The Process of Getting Started
What Happens Next
I need to state upfront that I am not a published author as it stands. I don’t have a publisher, an agent, or even any feedback on my first book. So my aim in this post is not to present myself as an authority on writing techniques or how to get published! (Apologies for the click-baity title, but getting your blog noticed these days is hard fricking work, and shortcuts are sometimes needed).
I imagine that’s sent a few people to click the ‘back’ button on their browser so that they can find some ‘real’ advice from a ‘real’ author.
But for anyone who’s stuck around, I just want to share my own experiences of writing a book. To say I had no idea where to start would be an understatement.
One day I dreamed up a wacky idea that I thought would work well for a novel (I hope you don’t mind me not telling you what it is at this stage, but as I’ve mentioned before I have a weird anxiety about letting people know too much about my book).
For quite a long time I did nothing with this wacky idea. It just popped up every now and then in my brain, and I’d be like ‘that’s such a good idea for a book’ and forget about it.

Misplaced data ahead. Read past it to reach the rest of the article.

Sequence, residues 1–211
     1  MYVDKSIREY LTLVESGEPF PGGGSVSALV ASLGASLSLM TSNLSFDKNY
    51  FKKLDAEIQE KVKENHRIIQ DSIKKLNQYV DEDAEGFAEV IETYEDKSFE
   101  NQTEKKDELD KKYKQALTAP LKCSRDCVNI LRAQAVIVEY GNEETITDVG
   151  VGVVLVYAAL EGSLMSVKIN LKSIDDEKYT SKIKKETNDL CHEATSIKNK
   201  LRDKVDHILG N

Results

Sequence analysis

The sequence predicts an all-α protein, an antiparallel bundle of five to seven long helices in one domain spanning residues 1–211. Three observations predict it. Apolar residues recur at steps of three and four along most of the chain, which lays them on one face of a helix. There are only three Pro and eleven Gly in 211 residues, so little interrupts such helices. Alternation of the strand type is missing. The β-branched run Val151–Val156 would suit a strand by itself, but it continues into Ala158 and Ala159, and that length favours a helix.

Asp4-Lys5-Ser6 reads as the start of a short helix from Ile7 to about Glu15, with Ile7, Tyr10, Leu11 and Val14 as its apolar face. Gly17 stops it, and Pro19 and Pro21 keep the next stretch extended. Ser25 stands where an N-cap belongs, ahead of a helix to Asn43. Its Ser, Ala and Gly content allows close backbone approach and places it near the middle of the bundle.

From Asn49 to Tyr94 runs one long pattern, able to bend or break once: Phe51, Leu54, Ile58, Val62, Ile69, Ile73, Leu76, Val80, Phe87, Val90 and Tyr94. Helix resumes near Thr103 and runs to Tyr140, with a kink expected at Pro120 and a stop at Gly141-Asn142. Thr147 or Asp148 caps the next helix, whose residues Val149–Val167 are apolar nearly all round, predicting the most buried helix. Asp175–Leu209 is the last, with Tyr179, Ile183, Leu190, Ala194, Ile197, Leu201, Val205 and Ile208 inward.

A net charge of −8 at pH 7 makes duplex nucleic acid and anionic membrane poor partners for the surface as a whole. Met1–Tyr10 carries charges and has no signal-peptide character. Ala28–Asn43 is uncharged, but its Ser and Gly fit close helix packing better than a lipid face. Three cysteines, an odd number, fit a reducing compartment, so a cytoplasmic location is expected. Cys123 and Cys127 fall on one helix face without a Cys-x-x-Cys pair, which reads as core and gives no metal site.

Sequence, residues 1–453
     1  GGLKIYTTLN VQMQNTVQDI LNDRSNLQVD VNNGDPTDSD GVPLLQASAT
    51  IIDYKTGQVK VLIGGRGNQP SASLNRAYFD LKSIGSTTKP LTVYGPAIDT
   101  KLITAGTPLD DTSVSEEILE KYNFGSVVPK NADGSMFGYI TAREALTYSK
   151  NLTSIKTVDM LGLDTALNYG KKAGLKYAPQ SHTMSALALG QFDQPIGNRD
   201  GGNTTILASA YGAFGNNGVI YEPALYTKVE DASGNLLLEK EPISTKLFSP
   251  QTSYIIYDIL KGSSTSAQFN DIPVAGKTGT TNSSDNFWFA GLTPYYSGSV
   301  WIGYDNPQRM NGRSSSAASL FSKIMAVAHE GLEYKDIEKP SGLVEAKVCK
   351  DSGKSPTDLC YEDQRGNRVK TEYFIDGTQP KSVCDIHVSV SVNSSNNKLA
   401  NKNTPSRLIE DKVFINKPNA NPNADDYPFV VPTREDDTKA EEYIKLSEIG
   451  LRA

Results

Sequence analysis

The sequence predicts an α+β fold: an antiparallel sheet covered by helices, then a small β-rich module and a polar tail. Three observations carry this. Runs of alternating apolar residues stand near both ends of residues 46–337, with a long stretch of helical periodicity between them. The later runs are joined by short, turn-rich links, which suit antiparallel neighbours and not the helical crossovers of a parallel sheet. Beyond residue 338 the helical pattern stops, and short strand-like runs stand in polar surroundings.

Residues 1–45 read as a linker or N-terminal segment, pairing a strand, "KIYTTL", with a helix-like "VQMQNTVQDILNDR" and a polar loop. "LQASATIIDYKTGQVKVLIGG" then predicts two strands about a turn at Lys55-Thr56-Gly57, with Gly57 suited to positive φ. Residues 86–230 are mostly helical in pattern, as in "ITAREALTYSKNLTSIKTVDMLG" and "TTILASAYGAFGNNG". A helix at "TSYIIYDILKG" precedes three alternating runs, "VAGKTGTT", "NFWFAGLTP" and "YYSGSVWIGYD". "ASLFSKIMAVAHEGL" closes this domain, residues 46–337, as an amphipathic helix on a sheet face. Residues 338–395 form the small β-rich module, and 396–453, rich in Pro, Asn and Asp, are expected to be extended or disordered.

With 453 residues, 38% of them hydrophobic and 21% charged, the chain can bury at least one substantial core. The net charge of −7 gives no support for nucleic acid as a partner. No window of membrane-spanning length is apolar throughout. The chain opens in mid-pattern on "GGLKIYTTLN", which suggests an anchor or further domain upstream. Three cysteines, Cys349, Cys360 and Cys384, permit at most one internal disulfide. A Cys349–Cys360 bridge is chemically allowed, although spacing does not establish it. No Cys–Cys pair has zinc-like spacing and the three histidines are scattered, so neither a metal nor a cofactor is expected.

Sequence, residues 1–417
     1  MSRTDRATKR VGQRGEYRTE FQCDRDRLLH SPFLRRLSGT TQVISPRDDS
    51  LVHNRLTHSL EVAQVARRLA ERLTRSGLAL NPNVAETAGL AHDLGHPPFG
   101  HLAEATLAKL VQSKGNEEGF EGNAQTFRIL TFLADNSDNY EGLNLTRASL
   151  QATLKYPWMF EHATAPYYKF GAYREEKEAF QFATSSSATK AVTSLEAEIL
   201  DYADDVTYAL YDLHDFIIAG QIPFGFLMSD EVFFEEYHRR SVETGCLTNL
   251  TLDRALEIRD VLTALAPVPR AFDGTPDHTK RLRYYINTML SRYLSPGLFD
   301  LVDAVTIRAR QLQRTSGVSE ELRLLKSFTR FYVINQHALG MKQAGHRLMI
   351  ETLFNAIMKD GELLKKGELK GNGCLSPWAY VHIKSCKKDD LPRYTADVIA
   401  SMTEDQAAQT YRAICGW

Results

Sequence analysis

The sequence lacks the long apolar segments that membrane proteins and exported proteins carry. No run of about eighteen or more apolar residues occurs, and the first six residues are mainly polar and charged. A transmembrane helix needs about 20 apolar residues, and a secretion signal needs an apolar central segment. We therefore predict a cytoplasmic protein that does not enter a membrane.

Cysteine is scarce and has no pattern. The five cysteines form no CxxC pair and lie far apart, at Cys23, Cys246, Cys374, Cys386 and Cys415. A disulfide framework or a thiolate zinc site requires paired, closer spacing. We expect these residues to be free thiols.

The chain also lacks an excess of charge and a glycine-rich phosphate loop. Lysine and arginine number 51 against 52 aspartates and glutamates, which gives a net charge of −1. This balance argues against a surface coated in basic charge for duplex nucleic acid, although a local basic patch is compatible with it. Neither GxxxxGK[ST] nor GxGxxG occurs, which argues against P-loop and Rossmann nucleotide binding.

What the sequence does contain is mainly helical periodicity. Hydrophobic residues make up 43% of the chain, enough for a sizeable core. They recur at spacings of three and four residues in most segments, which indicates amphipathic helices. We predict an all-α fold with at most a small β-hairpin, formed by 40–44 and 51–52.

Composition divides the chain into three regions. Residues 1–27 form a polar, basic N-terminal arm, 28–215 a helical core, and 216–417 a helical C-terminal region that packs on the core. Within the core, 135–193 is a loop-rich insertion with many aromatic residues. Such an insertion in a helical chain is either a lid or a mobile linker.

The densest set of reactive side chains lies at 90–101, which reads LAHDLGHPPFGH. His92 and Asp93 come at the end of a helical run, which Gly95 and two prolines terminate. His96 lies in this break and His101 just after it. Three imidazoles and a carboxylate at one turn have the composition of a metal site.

Then a few months (no kidding), miracle of miracles happened – I actually started putting some words down on the page. And I have to say it was the best feeling. Suddenly I felt productive, and like I Could Do This!
Right, first paragraph done, the rest should be a breeze…..or not. It took me weeks to write another word.
That first paragraph felt so sublimely easy. It just came to me.
In truth, it didn’t. Those months I spend ignoring my story idea had actually been a massive process of percolation for more ideas. Every time I thought of the general theme, I’d add on a few more small details…what if X does this, or maybe Y happens.
By the time I came to write that first paragraph I’d been secretly planning my novel for months – it was so secret even I didn’t realise it until I started writing.
So why was I having so much trouble with the next paragraph? Well, I’d been rehearsing the first few sentences in my brain for a few weeks. They were pretty solid. And I’d been gradually fleshing out the overarching story during those months of percolation.
But a rough story outline is not the same as a complete story. I knew vaguely what I wanted to say, but it took looks of back and forth in my brain, and on the page to actually start saying it.